Friday, August 7, 2015

The Music of Givenness

According to Marion, that which is given gives itself wholly and unconditionally. The phenomenality of the given rests in its being given and in its reception into experience. A thing given therefore only becomes a phenomenon when a recipient experiences it, yet the attitude of the recipient cannot compromise the integrity or givenness of the given. Being given then is always anterior to phenomenality. These are the conditions of phenomenology: the given and the horizon of its appearance.

Some works of art give themselves more obviously than others. A painting or sculpture gives itself in a wholeness that is more immediate than a novel or symphony. Music presents a fascinating phenomenality. Certainly it is given wholly and unconditionally, yet its presentation to experience challenges the recipient in ways other art forms do not.

A symphony may present itself in partitura, in 'full score' as a text, and its recipient can turn its pages and hear the music play out in time as its being unravels in presentation. Recipients who do not read music or hear the notations of the score do not experience a symphony in partitura, but in performance. What is a performance if it is not an interpretation of a score heard by its composer and rendered symbolically? A conductor and each member of an orchestra read the text of what is before them and represent something akin to what a composer has heard.

What the composer has heard and written and what a musical ensemble performs are acts of creation whose givenness is whole, complete, and unconditional. In the performance (or realization) of the symphony sound and sense march through time and into being well after their givenness has breached its horizon to enter the experience of the recipient/hearer. Each voice of the orchestra cuts a gap in space and time to enter an emerging reality of hearing. Something new has appeared where it was not: music in its pure givenness realized as a gift of sound and sense.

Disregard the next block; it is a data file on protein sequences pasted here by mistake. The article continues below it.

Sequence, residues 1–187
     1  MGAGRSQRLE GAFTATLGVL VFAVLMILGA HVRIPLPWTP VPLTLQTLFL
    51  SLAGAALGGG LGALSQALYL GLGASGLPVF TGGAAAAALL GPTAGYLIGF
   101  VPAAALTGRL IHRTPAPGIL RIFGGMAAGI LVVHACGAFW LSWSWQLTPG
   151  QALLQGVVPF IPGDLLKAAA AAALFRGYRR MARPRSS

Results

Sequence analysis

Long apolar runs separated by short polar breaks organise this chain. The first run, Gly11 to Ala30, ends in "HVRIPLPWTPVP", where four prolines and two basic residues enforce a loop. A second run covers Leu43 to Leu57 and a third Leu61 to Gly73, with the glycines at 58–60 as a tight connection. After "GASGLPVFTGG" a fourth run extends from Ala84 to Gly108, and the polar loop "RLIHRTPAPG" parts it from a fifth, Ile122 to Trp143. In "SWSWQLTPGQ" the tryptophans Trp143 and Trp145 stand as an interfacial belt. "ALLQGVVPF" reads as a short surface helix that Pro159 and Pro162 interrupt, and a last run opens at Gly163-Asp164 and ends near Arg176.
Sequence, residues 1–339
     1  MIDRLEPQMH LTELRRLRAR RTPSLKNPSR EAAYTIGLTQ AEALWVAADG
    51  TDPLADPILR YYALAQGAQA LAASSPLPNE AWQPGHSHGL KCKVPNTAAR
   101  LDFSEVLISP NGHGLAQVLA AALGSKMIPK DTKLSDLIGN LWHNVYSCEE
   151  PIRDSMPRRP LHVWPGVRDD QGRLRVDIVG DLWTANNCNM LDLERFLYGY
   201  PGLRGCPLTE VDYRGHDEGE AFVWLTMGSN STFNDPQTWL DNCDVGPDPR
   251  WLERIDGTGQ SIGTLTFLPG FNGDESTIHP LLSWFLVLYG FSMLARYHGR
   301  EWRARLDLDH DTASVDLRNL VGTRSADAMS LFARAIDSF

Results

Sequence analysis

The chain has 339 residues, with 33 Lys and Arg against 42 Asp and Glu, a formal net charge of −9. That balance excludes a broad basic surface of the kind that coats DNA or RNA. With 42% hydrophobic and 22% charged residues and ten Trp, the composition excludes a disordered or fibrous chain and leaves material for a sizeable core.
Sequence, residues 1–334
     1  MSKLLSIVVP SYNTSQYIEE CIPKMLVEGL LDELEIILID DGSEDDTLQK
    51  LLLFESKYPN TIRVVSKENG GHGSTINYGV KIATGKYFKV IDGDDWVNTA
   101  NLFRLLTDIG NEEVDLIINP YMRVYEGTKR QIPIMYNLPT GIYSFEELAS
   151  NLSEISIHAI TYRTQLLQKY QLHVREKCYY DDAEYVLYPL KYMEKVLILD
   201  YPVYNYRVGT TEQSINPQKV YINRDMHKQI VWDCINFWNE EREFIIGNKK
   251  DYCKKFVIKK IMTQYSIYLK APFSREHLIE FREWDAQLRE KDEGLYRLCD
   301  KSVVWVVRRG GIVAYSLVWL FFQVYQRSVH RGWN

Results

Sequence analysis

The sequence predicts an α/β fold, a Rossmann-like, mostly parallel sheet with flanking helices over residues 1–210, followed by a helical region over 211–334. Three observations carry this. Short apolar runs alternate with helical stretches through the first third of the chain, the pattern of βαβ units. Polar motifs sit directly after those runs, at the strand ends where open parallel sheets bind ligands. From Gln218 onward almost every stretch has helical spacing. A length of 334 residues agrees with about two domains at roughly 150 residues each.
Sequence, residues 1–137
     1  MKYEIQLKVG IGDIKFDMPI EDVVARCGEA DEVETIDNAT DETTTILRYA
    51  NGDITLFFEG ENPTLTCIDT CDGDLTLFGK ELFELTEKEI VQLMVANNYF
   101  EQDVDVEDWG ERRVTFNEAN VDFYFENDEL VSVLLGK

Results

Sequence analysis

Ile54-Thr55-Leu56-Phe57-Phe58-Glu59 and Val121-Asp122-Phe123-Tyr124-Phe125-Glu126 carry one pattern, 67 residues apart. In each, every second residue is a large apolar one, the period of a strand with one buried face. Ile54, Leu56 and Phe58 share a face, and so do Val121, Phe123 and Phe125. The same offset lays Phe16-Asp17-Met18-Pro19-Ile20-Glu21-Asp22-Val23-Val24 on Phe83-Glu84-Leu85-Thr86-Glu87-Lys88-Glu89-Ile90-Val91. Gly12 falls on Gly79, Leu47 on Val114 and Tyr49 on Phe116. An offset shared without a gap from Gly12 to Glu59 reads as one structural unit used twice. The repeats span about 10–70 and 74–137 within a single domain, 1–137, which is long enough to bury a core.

The jazz musician cuts out the middleman and allows for even more reduction of givenness. She hears, improvises and performs in the uncanniest synchronicity. Sound and sense emerge instantaneously from depths of musical consciousness and then penetrate into the depths of musical consciousness of the recipient. This fascinating dislocation of creation underscores the givenness of the self that gives and the self that receives. The kenotic gesture of the giving self (music and musician are so entangled here as to confuse them) in the moment of 'jazz' opens up musical space-time that creates the very consciousness of the hearer.

The musical kenosis in jazz is also present in the composer of the symphony. The unity of the composer and her composition is less obvious in that instance perhaps because of an undeserved privileging of the partitura over the extemporaneous ownership of the jazz musician of her music. The analogy here between Derrida's argument that speech is privileged over writing witnesses to the bankruptcy of that view. Once we dispense with doubt about ownership, dispense with an infantile need for certainty, the sound and sense of language and music can speak for themselves, each self giving itself into givenness and into phenomenality without fear or prejudice.

The music of givenness allows the gift and the gifted to be themselves, the one appearing more and more in the experience of the other; the other truly experiencing from that which is given as given in its pure givenness---whole and unconditional---as it appears in the widening aperture of the receiving self, which empties itself to accommodate more and more of that which is given.

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